Contaminated pork poisoned 39 people in the city of Liaoyang in northeast China's Liaoning Province on October 18.
Of those afflicted, 29 were treated at Liaoyang Emergency Center and other local hospitals for symptoms ranging from involuntary twitching to acute thirstiness. All had eaten pork bought at the same market.
Authorities confirmed the infected meat contained clenbenterol hydrochloride, a banned chemical mainly used for the treatment of asthma. It also can be used to increase the volume of lean meat in animals like pigs and chickens.
The chemical can remain in the animal's body, especially the liver and lungs, and has an adverse affect on people suffering from high blood pressure and heart disease.
This is not the first time the chemical has sickened people in China. A total of 484 residents of Heyuan in south China's Guangdong Province were poisoned by contaminated meat in 2001.
Gu Zhichun, director of agriculture for Liaoyang, told China Daily: "It is alleged that 28 pigs from the cities of Dengta and Shenyang are the source of the problem meat. Now measures have been taken to control the situation. Examinations on forage enterprises have also been undertaken to track and cut the source of the poisoned feed.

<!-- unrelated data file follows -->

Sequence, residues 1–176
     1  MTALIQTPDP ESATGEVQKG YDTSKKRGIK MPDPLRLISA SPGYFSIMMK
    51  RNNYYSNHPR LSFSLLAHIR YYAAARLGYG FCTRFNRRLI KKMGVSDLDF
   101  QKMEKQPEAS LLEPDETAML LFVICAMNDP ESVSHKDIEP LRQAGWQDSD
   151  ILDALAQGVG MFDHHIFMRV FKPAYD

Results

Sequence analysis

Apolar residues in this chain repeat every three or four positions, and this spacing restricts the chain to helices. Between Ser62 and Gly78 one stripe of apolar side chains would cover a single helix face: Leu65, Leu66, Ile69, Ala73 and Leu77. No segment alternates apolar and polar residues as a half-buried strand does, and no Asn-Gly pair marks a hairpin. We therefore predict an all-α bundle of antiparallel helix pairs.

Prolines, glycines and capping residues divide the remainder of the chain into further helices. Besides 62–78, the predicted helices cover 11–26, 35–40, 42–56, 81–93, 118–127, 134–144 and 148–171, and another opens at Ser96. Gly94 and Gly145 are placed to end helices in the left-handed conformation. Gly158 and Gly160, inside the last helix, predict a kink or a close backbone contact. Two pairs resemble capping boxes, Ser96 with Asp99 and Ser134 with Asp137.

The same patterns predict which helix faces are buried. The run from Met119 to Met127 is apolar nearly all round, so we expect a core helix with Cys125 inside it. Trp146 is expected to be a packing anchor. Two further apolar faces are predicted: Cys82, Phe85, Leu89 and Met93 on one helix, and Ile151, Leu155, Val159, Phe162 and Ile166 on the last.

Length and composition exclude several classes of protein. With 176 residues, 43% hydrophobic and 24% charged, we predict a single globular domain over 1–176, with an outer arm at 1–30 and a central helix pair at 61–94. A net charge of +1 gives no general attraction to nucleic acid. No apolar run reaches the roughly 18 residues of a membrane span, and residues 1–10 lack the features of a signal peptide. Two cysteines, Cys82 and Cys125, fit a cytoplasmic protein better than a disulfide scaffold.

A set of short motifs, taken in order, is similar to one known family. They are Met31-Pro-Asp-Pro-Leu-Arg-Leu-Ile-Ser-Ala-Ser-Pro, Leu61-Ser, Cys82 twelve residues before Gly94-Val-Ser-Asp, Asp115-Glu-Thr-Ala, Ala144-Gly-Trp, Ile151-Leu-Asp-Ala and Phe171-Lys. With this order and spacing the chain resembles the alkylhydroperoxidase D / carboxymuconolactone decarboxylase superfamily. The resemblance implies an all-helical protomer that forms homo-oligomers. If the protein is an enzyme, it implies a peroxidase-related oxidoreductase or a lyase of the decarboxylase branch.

"Where the forage mixed with the chemical was acquired is still under investigation. The most likely possibility is that private pig farmers bought the chemical themselves to speed up the growth of lean meat."
Speaking of how to crack down on the illegal use of the chemical, Gu pointed out that there is still a long way to go to control the secret business among private owners. "We spend more than 100,000 yuan (US$12,000) on random checks of samplings from local forage dealers and factories every year. But private owners, driven by high profits, find various sources, which makes our job more complicated."
Only three victims of the latest poisoning are still being treated in hospital. Six others remain under medical observation, while the other 20 have been released.
(China Daily October 21, 2003)